To further demonstrate that AF cells in their native tissue are also capable of importing lactate and converting it to pyruvate, we performed stable isotope 13C-lactate labeling using an ex vivo disc organ culture model. Rabbit functional spine units (FSUs) containing vertebrae-disc-vertebrae were injected with 3-13C-lactate into the NP region to give an estimated final 3-13C-lactate concentration of ~ 5–10 mM. The FSUs were then incubated in the culture media for 3 days before being analyzed by HRMS. Under these conditions, there was a 28 ± 15% enrichment in M + 1 13C-lactate and 19 ± 9% APE in M + 1 pyruvate in AF tissue (Fig. 3b). As a control, we also incubated rabbit FSUs in culture media containing 4 mM 3-13C-lactate for 3 days which resulted in 68 ± 9% enrichment in M + 1 13C-lactate and 48 ± 7% APE in M + 1 pyruvate in AF tissue extract (Figure S3, Supplementary Material). These findings demonstrated that AF cells in their native tissue environment can uptake and convert lactate into pyruvate.
Lactate dehydrogenase isozyme 1 (LDH1), a homo-tetramer of four H protein subunits, preferentially converts lactate to pyruvate (Fig. 3c) [33, 34]. H is expressed significantly more in AF than NP tissue as shown by Western blot analysis (Fig. 3e), which is consistent with 13C being traced to pyruvate in our 13C-lactate tracing experiment. However, the presence of H protein in NP tissue suggests that NP cells also are enzymatically capable of converting lactate to pyruvate to a certain extent. LDH5, an isozyme consisting of a homo-tetramer of four M protein subunits, preferentially converts pyruvate to lactate [33, 34]. We expected the M protein to be expressed mostly in the hypoxic NP and less so in AF tissue. Surprisingly, this was not the case as M is expressed similarly in both NP and AF tissue (Fig. 3d), suggesting that AF cells possess as as much enzymatic capability as NP cells to convert pyruvate to lactate.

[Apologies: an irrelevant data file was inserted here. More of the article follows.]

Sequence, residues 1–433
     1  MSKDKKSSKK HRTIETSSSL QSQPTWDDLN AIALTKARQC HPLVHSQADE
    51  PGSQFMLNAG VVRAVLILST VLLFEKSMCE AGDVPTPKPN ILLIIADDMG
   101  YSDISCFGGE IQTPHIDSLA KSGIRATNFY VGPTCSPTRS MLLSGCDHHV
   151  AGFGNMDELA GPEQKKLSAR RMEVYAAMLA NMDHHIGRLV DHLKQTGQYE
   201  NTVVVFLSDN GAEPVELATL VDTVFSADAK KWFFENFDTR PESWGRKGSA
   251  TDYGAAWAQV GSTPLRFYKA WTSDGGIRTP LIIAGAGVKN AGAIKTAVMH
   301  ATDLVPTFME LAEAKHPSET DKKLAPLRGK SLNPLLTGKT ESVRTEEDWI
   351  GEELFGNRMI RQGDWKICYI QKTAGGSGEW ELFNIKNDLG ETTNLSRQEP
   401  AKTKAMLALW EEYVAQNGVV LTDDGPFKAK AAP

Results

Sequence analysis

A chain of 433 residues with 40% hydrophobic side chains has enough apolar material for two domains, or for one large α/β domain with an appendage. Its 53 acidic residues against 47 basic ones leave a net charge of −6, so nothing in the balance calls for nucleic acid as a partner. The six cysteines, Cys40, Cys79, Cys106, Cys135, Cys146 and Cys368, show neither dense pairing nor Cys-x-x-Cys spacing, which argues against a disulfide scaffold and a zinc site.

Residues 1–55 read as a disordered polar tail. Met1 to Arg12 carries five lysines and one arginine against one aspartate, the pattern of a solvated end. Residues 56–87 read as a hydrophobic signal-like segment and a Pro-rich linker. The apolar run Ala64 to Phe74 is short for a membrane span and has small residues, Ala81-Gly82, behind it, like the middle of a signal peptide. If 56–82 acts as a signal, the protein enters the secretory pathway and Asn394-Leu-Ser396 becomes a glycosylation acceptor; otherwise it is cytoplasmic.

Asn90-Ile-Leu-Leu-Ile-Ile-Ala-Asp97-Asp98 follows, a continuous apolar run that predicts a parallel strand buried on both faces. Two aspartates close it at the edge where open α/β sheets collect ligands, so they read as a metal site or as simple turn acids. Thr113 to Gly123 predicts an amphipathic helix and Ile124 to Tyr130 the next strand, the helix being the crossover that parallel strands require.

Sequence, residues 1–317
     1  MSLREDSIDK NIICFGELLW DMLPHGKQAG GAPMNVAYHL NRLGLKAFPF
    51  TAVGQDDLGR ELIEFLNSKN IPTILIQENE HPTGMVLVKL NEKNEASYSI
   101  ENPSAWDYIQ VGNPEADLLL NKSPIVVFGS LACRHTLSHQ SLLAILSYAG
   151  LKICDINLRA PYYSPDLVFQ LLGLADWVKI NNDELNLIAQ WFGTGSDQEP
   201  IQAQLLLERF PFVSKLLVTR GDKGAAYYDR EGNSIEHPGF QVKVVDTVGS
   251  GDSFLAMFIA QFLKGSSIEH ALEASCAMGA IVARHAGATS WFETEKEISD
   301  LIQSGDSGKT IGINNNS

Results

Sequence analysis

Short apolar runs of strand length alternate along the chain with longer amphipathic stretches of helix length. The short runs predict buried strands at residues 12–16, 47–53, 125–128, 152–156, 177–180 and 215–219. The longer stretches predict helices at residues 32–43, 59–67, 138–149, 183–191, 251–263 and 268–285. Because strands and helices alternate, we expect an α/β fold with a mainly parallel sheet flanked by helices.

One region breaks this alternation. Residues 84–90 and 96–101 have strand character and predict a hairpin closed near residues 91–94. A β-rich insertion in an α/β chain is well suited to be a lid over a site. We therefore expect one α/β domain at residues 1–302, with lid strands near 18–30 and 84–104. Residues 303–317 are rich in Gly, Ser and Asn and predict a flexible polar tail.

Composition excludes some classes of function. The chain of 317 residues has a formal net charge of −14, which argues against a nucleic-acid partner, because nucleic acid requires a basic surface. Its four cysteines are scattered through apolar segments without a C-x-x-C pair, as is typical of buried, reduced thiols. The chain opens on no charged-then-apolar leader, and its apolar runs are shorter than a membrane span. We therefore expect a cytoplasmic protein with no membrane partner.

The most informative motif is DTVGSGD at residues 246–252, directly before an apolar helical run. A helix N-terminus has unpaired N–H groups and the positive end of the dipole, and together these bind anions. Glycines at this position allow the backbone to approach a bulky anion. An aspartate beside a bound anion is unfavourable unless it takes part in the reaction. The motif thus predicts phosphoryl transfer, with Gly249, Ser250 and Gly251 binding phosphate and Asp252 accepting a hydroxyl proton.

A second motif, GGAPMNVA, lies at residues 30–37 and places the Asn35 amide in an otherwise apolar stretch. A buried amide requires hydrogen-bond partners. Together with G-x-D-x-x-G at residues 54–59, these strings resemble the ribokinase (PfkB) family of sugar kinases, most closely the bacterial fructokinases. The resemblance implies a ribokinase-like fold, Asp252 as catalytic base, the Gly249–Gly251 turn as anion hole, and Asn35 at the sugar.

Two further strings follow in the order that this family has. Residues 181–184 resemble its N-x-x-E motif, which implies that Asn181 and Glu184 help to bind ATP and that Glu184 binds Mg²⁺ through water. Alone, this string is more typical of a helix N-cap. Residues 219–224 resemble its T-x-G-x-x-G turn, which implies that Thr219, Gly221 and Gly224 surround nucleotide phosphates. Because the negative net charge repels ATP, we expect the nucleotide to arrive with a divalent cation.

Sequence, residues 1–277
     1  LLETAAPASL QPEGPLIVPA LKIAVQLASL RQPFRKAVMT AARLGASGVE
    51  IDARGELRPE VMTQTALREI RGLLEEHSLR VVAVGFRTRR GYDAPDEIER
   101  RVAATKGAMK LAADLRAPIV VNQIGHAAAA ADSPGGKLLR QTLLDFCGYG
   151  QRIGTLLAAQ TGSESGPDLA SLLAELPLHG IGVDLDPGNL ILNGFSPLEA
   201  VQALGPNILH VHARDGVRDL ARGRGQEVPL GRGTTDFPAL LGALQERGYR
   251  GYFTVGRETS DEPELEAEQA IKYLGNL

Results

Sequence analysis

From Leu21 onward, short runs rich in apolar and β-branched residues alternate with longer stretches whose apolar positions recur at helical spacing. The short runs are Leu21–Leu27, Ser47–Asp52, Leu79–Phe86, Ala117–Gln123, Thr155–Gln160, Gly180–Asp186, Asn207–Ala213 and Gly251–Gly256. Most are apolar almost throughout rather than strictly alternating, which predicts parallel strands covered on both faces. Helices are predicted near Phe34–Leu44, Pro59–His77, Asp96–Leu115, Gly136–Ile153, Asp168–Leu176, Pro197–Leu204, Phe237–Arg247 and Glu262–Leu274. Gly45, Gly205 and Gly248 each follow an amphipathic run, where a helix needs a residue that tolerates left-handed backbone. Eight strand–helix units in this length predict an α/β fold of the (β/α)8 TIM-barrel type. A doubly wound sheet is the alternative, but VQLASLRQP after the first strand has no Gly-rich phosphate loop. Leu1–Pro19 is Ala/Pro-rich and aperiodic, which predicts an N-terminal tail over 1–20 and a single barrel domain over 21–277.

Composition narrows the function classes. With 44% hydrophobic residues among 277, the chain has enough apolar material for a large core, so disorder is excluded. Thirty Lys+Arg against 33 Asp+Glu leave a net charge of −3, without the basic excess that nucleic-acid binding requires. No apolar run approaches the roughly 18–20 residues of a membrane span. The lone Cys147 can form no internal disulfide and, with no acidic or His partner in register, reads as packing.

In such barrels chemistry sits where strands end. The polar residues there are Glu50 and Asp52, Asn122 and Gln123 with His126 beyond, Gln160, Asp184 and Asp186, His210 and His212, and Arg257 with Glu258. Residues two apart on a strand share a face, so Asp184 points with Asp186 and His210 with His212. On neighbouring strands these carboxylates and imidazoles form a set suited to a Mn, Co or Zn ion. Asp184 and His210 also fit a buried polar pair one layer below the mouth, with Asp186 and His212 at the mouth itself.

Although pyruvate can enter the triccyclic acidic (TCA) cycle through its conversion to oxoaloacetate by pyruvate carboxylase, pyruvate primarily enters the TCA cycle through its conversion to acetyl-coA (Fig. 6). The enzyme responsible for catalyzing the conversion of pyruvate to acetyl-coA is pyruvate dehydrogenase (PDH). As expected, PDH is expressed three fold more in AF than NP tissue (Fig. 4A). Conversely, pyruvate dehydrogenase kinase 1 (PDK1), an enzyme that phosphorylates and inhibits PDH activity, is expressed about twofold more in NP than AF tissue (Fig. 4A). Together, these results are consistent in indicating that AF cells, much more so than NP cells in disc tissue, possess the molecular machinery necessary for importing lactate through MCT1, converting lactate to pyruvate by LDH1, and converting pyruvate to acetyl-coA by PDH.